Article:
It’s fair to say that a lot of men don’t take their duties and responsibilities as a father seriously. And in the animal world that is true too, with many males of the species too busy mating with multiple partners in an attempt to increase their chances of producing offspring, and neglecting their childcare duties. But there is one shining example of selfless male parenting – the marine whelk. Solenosteira macrospira, as he is known, does all the work of raising the young, from egg-laying to hatching – even though few of the baby snails are his own.
When the snails mate, the female glues capsules, containing hundreds of eggs each, to the male’s shell. The male then carries them around for over a month lovingly nurturing them.\n\nBut when researchers carried out Jerry Springer “Who’s the daddy?” style DNA tests on the hatched offspring, they found, on average, that the male snails were the fathers of just 24% of the babies they had carried on their backs. Many had sired far less. And some carried the offspring of as many as 25 other males. “The promiscuity in the female snails is extraordinary,” says Stephanie Kamel, one of the study’s authors.
Thankfully marine whelks carry around their own homes – their shells – so the snails don’t have to get a large mortgage and shell out (shell out! get it? oh come on!) for a bigger home for all their step-sons and step-daughters.
So why do the male snails do it? The researchers say it might be because carrying egg capsules are a way for a male to show a female that he\’s good parent material. “If he wants to get any action, he has to pay the price,” says Kamel. So maybe it’s not quite so selfless after all.
Flicking through wife’s Harper’s Bazaar I read an article on Brazilian supermodel Gisele and her recent birthing experience.She says that she meditated throughout her eight-hour labour – no doubt purring like a sex kitten between contractions – and that she got back her bikini body in just 6 weeks thanks to breastfeeding.
She says ‘I think breastfeeding really helped. Some people here [in the US] think they don’t have to breastfeed, and I think, “Are you going to give chemical food to your child when they are so little?” I think there should be a worldwide law, in my opinion, that mothers should breastfeed their babies for six months.’
Now I am an advocate of “breast is best” and quite possibly Gisele’s breasts are the best in the world but that last sentence is ridiculous.“A worldwide law on breastfeeding.”
This is typical celebrity la la nonsense. Did it not occur to her that some women through circumstances or health issues perhaps can’t breastfeed? And how would you implement the law Gisele? Would there be breast police (now there’s an idea)? Would you throw people in jail if they were caught with a baby bottle?
This is militant lactivism taken to its ridiculous conclusion.
My paternity leave has ended. I have been in the privileged position of being able to take time off for the birth and first two months of our new baby girl. But all things must end and this week I had to return to work. I was not looking forward to it.I love my job (I am a television producer/director) but I didn’t want to leave my beloved baby. I was also worried how wifey would cope with no extra pair of hands. Up until now we tag teamed. But now she will be home alone.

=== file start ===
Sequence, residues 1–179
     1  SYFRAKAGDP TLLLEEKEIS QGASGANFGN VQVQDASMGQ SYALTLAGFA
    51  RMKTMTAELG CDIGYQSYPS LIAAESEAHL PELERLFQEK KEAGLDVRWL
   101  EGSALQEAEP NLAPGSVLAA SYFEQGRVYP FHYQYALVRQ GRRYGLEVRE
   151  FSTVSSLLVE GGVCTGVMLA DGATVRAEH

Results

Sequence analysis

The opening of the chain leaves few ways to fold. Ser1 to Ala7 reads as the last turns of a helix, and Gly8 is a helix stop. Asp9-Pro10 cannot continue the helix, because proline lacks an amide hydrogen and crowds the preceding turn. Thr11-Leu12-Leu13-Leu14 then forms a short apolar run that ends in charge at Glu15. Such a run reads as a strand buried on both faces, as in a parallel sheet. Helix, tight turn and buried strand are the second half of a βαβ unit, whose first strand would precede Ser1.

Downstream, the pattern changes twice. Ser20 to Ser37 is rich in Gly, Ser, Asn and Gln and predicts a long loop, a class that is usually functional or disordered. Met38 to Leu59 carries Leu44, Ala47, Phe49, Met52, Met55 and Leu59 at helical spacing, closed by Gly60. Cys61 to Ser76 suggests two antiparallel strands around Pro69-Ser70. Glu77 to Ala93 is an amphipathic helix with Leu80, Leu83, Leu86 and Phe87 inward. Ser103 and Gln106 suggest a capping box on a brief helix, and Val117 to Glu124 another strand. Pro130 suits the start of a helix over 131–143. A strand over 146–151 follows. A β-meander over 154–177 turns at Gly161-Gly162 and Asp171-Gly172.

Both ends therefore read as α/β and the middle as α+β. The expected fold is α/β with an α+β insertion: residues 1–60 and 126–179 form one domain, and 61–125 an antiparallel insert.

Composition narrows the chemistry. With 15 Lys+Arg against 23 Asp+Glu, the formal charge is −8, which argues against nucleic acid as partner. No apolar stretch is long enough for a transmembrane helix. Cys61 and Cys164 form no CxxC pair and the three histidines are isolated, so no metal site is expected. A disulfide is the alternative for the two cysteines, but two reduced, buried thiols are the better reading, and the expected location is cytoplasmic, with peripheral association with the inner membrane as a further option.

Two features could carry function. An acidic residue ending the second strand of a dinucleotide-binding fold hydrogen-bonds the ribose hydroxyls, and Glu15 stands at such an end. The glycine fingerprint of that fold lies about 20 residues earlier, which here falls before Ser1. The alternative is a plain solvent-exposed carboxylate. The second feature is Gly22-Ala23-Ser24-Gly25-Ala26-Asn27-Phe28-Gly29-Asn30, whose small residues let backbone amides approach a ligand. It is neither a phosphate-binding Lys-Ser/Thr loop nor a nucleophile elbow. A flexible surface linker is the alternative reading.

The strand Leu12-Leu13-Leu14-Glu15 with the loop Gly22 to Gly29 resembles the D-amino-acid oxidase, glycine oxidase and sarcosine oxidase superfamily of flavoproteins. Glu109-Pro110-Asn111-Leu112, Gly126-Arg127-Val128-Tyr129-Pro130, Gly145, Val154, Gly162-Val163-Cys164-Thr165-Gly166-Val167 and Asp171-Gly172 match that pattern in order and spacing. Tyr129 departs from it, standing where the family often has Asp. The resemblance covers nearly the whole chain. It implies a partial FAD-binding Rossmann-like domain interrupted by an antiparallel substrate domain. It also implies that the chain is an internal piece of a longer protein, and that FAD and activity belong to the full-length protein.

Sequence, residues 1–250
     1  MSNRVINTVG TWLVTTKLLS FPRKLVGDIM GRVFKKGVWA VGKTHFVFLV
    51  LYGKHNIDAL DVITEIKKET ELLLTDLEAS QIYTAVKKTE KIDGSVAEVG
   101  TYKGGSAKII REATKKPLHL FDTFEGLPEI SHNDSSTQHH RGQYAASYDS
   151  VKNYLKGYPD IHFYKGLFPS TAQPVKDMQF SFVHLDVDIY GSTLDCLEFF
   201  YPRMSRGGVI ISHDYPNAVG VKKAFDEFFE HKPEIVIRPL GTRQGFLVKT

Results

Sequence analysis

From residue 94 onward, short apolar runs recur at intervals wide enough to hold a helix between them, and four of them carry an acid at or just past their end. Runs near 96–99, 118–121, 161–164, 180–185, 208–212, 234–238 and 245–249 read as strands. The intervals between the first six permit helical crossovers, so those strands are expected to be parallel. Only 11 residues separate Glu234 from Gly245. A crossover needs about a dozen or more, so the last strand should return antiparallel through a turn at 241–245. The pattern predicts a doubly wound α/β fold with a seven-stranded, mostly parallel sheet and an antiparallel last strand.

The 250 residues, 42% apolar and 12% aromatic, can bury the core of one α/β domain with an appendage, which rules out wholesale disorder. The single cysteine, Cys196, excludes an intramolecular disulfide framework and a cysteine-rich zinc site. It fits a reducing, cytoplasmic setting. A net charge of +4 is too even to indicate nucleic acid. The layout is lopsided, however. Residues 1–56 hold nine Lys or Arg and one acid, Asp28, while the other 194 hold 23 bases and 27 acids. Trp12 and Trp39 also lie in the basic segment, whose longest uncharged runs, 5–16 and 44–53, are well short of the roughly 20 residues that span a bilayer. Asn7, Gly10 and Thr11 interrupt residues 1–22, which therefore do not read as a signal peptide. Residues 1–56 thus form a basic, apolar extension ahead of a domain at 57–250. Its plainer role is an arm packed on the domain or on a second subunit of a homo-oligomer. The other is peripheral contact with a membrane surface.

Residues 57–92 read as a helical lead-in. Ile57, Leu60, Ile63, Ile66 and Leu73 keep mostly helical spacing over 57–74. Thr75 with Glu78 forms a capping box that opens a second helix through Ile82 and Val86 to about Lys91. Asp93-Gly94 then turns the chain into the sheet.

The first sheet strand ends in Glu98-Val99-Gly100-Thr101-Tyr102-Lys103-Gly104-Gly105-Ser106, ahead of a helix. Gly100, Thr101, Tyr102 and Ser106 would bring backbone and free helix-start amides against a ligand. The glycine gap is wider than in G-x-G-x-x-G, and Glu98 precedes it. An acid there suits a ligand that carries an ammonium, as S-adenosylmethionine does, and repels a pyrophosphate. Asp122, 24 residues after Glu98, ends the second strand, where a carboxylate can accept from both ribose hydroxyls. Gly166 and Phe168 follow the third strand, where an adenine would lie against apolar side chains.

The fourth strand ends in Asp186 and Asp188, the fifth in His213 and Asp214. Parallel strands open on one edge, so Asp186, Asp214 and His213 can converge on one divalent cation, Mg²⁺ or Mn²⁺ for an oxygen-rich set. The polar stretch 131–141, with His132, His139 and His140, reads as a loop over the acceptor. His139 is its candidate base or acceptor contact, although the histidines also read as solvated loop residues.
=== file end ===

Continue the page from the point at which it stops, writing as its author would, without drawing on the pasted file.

On my first day back at work I got up with baby, bathed her, fed her and played with her until it was time to leave. Walking to the tube I had a whole new perspective on going to work. I was now going off to work to earn money to feed my wife and baby. I am now a provider, I thought. I am man. I am part cave man part farmer / miner / fisherman. I am doing what men do. What they have done since the dawn of time. Leaving the family to go off to work, to work hard so they can fill the mouths of their little ones.
The reality is I am a media ponce going off to sit in an edit suite and make tv shows, but on that 7 minute walk to the underground station I felt in tune with my fellow men, my fellow fathers throughout the centuries. I walked proud I walked tall. “Get out the way I have to feed my baby” I wanted to yell as I fought with the tourists and the commuters to get on the train.It was nice to go back to work to see the crew and get my brain working again. But I did miss my baby. I kept sneaking at pics of baby on my laptop and coming over all misty eyed.
I couldn’t wait to come home.
I left early so eager was I to see baby.
I walked in the door, kissed wifey and said hello to baby. She smiled back. And I felt wonderful. “Man has returned. With food and things for his family” I said in my best caveman voice. Not out loud just in my head. This is what life is about, I thought. Man returning home to his family after a hard days work.
After 40 years I have finally become a family man.Full of joy I picked up baby and cuddled her.\r\n\r\nShe looked at me and then started crying. And crying. And screaming. Inconsolable she was.“She must be hungry:” I said.“Don’t think so she was just fed.” says wifey.\r\n\r\nI speak to baby, I rock her, I try and calm her down. But she is having none of it. I reluctantly hand her back to wifey, knowing what will come. And sure enough in wifey’s arms baby immediately stops crying.In that moment my heart is smashed in two.
I go away for 9 hours and already she hates me. I go to bed early, heartbroken.